The Pap smear is still the best test for early diagnosis of cervical cancer and HPV infection. The HPV test is often combined with the Pap smear to get a better idea of risk for developing cervical cancer. If abnormal cell changes are noted in the cervix then more frequent Pap smear testing may be needed or other types of tests. If abnormal cervical cell changes persist then further treatment is needed. This includes cryotherapy, conization, and LEEP procedures to get rid of the abnormal cells before they develop into cancer. Genital warts can be treated with harsh chemicals added onto the abnormal skin wart or through freezing of the wart.
Still the best treatment is prevention. The best way to reduce risk of HPV infection and cervical cancer is to practice abstinence before marriage and have a mutually monogamous sexual relationship with a non-infected partner. Preventive vaccines called Gardasil and Cervarix are now available to protect against the high-risk strains of HPV infection that can cause most cervical cancers along with the strains that can cause genital warts. These vaccines are recommended for females at a young age between nine and 26 years of age preferably before any sexual experience. I emphasize to my own daughters that sexual abstinence before marriage is the better choice for physical and emotional health. But I still recommend they get the preventive vaccine for protection since they cannot completely determine the past sexual history of a future mate. Follow up with your doctor soon to prevent a virus and a cancer.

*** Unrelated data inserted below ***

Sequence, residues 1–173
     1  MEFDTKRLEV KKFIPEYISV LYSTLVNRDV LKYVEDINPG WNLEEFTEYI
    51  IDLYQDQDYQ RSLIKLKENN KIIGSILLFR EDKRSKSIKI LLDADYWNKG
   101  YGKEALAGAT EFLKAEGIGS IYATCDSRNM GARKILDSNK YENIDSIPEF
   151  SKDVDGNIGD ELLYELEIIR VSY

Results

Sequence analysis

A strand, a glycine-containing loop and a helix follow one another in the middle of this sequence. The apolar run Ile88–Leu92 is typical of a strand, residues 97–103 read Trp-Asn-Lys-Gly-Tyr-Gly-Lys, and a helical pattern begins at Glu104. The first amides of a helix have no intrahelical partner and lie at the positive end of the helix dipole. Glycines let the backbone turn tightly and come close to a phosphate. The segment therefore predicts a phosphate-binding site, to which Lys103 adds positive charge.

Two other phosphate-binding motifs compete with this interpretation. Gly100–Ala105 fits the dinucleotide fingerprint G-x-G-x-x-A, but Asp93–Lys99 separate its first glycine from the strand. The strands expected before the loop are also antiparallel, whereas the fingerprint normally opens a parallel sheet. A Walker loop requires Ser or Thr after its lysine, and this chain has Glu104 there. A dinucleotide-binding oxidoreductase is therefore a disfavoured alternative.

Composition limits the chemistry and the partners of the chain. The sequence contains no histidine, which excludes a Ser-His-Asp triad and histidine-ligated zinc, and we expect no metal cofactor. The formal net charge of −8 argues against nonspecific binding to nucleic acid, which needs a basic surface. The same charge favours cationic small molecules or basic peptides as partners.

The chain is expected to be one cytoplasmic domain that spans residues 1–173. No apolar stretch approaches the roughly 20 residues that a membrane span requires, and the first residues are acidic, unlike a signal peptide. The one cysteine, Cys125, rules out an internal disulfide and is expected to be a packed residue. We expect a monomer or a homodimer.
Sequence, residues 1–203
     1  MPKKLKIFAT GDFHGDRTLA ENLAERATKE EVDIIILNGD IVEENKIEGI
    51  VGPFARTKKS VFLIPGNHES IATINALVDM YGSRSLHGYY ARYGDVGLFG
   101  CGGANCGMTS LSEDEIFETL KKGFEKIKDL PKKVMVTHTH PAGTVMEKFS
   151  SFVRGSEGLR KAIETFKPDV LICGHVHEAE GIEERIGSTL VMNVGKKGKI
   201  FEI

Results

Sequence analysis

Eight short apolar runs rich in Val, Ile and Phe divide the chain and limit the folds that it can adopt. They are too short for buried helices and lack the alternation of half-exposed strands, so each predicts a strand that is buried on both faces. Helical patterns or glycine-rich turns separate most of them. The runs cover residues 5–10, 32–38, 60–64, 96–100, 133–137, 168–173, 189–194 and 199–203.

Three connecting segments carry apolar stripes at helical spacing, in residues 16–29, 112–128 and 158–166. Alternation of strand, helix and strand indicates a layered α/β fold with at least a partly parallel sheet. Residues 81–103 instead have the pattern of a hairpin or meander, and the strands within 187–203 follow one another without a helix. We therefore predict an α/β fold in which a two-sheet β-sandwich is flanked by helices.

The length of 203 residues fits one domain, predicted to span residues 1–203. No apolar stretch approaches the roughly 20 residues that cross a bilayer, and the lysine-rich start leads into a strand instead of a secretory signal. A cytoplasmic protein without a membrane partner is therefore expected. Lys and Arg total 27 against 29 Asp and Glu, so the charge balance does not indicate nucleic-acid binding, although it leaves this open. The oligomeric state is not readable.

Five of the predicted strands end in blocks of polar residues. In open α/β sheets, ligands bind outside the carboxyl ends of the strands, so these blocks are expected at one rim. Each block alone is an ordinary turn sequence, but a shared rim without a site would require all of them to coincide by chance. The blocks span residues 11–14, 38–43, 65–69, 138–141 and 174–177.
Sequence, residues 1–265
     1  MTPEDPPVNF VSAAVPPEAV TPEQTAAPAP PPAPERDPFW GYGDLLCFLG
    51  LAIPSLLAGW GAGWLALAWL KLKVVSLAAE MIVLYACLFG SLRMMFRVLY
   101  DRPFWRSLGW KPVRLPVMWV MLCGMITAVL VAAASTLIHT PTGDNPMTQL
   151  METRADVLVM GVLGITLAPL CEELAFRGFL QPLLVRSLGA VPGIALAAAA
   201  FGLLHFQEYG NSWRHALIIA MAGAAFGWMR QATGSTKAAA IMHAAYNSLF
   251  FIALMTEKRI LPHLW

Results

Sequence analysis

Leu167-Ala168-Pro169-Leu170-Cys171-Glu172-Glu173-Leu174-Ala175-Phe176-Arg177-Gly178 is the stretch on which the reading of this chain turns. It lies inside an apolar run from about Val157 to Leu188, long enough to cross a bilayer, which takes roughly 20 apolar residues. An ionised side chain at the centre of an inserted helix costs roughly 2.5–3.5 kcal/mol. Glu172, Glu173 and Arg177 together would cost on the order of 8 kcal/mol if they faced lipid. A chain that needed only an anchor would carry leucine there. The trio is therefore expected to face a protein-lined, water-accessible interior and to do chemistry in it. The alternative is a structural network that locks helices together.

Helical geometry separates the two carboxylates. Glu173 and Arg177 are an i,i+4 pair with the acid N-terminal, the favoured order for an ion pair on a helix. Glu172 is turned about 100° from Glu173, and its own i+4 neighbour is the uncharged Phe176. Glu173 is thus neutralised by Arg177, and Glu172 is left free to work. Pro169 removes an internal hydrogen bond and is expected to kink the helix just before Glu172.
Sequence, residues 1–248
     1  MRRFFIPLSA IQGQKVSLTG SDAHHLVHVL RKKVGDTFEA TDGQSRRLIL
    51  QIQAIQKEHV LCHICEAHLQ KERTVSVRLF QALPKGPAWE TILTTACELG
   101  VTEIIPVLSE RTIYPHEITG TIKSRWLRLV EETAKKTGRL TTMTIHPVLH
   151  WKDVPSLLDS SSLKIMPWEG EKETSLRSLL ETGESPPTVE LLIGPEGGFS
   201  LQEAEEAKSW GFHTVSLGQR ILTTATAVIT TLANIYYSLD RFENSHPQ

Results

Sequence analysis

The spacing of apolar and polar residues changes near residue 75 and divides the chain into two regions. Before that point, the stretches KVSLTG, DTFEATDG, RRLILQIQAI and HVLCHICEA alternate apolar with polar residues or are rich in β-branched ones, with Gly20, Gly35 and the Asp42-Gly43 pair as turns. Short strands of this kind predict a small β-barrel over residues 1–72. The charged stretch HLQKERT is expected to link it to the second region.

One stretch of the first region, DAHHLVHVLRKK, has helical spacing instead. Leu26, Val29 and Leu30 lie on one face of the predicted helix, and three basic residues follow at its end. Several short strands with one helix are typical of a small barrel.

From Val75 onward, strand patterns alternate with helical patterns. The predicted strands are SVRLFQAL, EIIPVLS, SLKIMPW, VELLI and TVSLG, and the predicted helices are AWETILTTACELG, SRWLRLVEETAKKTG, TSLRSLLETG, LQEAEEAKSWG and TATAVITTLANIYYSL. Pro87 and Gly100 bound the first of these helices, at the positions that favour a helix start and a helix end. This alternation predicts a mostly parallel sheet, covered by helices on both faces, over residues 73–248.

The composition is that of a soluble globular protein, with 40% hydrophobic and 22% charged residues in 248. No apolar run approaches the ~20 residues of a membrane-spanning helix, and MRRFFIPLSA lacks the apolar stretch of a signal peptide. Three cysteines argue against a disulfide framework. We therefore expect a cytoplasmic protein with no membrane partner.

Jeffrey G. Smith, MD is the Chief Medical Officer for Three Rivers Community Health – Hickman and Perry County Medical Center.